Worried about him all night, I get up and find him sitting in the north window overlooking the garden. He issues a short high mew, his way of saying "Hi" and jumps down. As I walk back to the bedroom he follows me and jumps on the bed. I sit there dumbly waiting to wake up. He moves over into my lap and I pet his head and the back of his neck. He knows how to purr but if he's really happy, he grunts. I walk downstairs and make mooching noises for him to follow. He begins his morning routine.

First he goes to his bowl of dry food. If he could talk he say, "I might as well eat something before I go outside. Might be a long time before the next meal." I hear him in his litter box in the basement as I make coffee. The windows are open and it's chilly inside the house. I grab a sweatshirt, open the back door and The Pooch follows me outside. We both stand on the driveway taking note of early morning in the country. Crows are upset. They are cawing and arguing down at the portion of the river a mile away. In a willow tree by the segment of the Kickapoo which is 100 yards from the east fence line, a swarm of blackbirds is nosily roosting. When they take off their wings make a sudden flutter of wind. A woodpecker, probably a large one, works at dead bugs in the remaining silver maple in the front field. A good portion of the leaves on the south side are dry and brown. 30 foot high flames from the burn pile underneath singed them. I cleared the area of weeds around the stump of the evil maple tree that fell in our garden and lit the pile of pine branches, old lumber and cardboard. Now we have an excellent cleared area for another compost pile. The one in the rear yard is too far away from the garden and completely overgrown with pumpkin vines.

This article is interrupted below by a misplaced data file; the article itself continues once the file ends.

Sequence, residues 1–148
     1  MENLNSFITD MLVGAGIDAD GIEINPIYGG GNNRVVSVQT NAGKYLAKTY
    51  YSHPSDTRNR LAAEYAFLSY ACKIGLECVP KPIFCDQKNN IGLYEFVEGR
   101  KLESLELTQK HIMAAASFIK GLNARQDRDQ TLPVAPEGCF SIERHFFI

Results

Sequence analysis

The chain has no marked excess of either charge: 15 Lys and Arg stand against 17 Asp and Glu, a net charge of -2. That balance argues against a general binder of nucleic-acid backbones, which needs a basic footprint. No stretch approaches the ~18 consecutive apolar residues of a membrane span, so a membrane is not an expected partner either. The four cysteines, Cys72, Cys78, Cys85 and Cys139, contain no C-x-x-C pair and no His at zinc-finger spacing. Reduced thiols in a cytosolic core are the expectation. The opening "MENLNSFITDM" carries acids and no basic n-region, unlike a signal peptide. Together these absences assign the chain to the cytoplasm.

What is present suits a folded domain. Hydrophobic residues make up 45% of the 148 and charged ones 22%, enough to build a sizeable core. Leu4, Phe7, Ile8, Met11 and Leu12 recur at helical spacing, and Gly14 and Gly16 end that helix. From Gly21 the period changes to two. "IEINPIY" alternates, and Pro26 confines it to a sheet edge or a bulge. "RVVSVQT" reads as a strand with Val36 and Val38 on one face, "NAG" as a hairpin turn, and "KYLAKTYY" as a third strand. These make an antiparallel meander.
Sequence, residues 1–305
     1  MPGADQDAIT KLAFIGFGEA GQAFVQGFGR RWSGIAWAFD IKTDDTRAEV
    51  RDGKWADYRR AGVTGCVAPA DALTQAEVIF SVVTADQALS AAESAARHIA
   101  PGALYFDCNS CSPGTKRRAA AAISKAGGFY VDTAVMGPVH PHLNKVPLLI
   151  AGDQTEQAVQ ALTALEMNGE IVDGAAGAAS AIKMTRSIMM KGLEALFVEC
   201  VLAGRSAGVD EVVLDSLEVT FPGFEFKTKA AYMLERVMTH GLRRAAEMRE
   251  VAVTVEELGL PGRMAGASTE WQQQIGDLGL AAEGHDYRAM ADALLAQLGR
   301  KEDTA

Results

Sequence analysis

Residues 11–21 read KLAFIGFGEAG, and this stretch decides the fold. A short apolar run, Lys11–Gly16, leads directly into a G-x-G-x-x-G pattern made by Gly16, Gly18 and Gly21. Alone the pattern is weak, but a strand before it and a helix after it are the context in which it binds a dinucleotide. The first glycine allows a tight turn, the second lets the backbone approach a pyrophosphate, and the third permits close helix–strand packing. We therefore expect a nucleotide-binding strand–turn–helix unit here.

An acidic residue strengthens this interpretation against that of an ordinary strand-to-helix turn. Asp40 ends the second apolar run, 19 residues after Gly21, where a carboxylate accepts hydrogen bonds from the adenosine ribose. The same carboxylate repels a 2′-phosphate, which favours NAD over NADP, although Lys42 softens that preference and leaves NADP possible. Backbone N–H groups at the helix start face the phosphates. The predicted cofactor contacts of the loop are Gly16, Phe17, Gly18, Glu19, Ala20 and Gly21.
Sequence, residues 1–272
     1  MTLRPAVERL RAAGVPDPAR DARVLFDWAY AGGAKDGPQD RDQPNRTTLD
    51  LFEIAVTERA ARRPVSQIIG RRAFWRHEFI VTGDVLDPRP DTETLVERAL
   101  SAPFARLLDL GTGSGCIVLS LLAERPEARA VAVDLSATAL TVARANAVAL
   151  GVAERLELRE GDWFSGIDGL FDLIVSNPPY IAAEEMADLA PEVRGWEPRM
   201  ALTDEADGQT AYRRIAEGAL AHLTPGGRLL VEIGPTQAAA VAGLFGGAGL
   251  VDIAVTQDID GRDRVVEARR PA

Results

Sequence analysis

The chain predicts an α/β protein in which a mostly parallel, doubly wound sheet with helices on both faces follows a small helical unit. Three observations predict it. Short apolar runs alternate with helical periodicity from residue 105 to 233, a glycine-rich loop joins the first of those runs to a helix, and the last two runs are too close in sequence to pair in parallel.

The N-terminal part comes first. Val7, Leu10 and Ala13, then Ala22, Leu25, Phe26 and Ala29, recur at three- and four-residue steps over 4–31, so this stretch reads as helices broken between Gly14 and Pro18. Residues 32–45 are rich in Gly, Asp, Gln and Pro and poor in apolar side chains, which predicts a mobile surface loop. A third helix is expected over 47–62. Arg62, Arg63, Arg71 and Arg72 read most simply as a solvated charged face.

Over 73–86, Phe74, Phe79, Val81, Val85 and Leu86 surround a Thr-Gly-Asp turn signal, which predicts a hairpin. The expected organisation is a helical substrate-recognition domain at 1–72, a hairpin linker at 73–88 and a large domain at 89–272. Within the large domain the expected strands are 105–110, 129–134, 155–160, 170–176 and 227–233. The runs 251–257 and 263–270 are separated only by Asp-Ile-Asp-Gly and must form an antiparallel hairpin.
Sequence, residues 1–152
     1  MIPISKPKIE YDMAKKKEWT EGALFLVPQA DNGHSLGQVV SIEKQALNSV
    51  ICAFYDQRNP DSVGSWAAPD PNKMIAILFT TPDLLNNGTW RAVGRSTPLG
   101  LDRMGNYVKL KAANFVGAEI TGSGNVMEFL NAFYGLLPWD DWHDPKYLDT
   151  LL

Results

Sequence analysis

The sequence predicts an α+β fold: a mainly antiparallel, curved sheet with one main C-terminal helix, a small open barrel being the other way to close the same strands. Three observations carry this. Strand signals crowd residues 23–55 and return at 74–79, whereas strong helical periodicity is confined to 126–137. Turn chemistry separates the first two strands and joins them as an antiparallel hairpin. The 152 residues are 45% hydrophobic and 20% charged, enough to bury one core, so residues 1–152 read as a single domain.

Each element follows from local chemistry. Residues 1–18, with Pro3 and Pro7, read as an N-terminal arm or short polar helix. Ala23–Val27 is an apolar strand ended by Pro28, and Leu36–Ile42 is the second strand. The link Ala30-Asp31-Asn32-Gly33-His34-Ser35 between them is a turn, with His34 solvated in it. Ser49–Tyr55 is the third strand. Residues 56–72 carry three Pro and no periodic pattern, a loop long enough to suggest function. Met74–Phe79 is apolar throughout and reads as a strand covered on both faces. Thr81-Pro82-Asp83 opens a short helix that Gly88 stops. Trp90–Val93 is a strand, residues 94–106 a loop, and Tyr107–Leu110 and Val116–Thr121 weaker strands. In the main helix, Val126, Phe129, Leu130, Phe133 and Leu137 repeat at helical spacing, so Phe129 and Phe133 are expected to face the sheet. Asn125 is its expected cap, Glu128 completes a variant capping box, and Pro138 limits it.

The Pooch sits patiently at my feet. His nose twitches occasionally. His ears rotate at each distinct morning sound. The yard light over the garage glows since the cloud cover is dense this morning. Two solar lights in the garden, gifts from Ella and Del, pulse red and green. I'm thinking of cilantro on eggs for breakfast, but when I reach the herb garden, the plants have been cut back. Dawn cut and froze fresh cilantro on Sunday. The Pooch digs a hole in the soft soil between the sweet corn rows, while I walk to the red potato patch for the short pitch fork we use in digging potatoes. I dig at the front of the Kennebec patch. The vines are tall and healthy. Supposedly 90 days until maturity, these spuds are well past that mark. I'm concerned that I over fertilised the plot causing extensive vine growth and small potatoes. There is no indication that the vines are dying off. My first stab with the pitch fork is well clear of the base of the vines. In the past, eagerness on my part leads to speared potatoes which are difficult to clean. The second stab near the base of the vines with the fork almost vertical yields six potatoes. Three are small, two the size of a baseball and one tiny ping pong.

The Pooch follows me back toward the house as I walk along the deck, checking the live trap. Dawn tells me she hears high pitched trilling at night, which I interpret as a female raccoon with pups. The trap is empty. I tell the Pooch I'm going in for breakfast. He glances back at me two or three times. When I reach the back door, he lopes towards the house, He 's ready for breakfast.